With massive attacks reported almost daily, cybercrime is becoming a growing problem. And with almost all businesses now relying on online connections to do business, criminals are increasingly turning their activities online.
However, while most of the recent headline breaches have been against large corporations and government organizations – such as Anthem, Talk Talk and the U.S. Office of Personnel Management – the majority of attacks are actually directed against small businesses.
With potentially lower defense budgets, less security, and a lack of dedicated personnel, small businesses are particularly at risk.
So how can you ensure your business is protected?
Here are 5 tips we’ve found to be the most effective:
1. Understand the risks
It is important to learn about the different types of attacks you are vulnerable to and how they work.
Learn about your phishing and identity theft scams: typical routes, where your weaknesses lie, and the likely motivations for an attack (e.g., ransom, data theft, etc.).
2. Develop a security policy
Make sure you have a security strategy at the heart of your company’s standard operating procedures.
Educate your employees about potential risks and ensure that they follow some basic guidelines, such as using secure and regularly updated passwords, double-checking requests, and keeping sensitive data in dedicated secure files and only on your company’s devices.
3. Keep your software up to date
Make sure your operating system, applications and security software are up to date. This is very important, for example, without the latest updates, your security software cannot identify the latest viruses and malware.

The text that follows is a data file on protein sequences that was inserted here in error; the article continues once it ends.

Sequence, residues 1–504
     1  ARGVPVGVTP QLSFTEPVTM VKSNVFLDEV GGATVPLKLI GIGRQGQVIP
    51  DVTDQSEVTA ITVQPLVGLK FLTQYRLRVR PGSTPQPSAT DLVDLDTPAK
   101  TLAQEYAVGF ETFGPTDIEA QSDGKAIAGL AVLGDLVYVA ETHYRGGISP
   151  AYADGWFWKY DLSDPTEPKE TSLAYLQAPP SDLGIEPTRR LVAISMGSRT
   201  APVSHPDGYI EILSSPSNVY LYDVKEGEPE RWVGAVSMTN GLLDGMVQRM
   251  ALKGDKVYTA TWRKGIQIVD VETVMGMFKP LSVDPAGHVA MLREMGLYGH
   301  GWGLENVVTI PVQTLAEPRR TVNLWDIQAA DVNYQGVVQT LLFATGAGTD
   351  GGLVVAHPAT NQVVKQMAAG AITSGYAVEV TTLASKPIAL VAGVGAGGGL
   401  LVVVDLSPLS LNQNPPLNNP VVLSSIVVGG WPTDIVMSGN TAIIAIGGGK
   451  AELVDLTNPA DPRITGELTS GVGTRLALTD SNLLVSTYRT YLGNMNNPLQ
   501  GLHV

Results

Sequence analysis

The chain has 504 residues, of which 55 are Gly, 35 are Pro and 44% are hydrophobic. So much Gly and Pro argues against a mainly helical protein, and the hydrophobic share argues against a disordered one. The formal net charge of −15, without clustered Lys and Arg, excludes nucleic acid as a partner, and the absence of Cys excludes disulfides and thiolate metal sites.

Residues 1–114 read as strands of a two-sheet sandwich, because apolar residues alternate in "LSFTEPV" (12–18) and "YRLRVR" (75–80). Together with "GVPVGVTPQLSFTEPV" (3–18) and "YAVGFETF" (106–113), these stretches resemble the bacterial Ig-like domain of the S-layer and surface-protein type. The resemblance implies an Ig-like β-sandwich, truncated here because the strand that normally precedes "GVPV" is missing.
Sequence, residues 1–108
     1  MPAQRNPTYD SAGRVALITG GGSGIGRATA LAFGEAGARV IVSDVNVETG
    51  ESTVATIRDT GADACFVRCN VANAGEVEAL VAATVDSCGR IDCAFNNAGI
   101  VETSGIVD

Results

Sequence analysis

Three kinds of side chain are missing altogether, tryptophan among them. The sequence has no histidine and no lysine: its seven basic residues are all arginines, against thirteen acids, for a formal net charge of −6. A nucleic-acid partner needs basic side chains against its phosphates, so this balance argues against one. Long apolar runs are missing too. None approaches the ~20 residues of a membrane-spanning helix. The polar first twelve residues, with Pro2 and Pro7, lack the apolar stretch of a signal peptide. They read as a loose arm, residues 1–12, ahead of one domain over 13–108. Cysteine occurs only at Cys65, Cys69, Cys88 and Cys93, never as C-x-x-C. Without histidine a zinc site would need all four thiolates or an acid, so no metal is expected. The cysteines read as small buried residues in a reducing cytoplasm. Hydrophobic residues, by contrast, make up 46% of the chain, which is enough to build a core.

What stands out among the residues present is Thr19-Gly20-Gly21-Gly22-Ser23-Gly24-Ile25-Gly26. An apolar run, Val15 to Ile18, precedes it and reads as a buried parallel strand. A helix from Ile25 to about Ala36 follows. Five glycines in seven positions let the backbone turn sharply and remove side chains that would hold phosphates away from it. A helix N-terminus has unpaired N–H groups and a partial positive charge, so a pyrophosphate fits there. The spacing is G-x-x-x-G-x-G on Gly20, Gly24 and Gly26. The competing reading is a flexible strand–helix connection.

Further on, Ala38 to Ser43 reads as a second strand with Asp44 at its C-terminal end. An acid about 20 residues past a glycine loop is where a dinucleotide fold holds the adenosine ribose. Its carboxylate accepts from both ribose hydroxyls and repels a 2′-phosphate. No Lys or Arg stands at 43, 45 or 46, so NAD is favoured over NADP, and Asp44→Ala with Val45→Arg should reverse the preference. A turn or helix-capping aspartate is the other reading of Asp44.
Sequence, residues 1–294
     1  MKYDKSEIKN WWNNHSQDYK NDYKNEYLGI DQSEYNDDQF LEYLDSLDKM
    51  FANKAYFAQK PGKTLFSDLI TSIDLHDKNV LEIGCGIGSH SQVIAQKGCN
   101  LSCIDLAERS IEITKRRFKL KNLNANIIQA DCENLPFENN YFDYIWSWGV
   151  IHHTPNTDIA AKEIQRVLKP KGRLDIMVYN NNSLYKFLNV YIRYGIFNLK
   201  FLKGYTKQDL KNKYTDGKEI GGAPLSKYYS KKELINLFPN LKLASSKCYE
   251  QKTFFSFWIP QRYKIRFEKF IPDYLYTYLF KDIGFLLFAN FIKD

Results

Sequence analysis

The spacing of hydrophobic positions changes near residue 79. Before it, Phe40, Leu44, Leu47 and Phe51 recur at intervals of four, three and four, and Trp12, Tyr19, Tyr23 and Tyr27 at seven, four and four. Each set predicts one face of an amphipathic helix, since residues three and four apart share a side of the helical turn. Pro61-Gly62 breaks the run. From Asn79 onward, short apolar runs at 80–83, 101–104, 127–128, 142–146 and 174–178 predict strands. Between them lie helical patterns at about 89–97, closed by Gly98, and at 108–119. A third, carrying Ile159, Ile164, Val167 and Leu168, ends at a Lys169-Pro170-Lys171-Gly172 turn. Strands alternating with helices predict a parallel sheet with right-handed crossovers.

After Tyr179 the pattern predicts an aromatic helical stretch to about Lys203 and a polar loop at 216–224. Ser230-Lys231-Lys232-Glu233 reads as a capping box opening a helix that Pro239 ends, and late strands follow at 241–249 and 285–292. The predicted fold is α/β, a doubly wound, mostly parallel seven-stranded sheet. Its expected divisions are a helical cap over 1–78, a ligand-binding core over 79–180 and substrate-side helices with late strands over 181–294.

4. Consider purchasing data breach insurance.
Until a few years ago, it was unheard of to purchase insurance against a potential data breach. Not only is it possible, but it is probably a very wise investment.
If you become the unlucky victim of a successful attack, having insurance in place will mitigate the potentially huge financial costs and could also help you deal with the resulting legal challenges.
5. Putting extra security in place
While it goes without saying that you should have all your systems installed and checked regularly by a security expert, as well as fully up-to-date security software, it is unfortunately not enough.
Employee monitoring software can be a valuable second line of defense. This type of software can be installed remotely on any device where it can monitor all applications and Internet usage and messages. The software can also alert managers when sensitive files are accessed.
What do you say?
Do you have security measures in place to prevent data breaches? Or maybe we’ve left an essential item on the list.
We’d like to know, so let us know in the comments section below.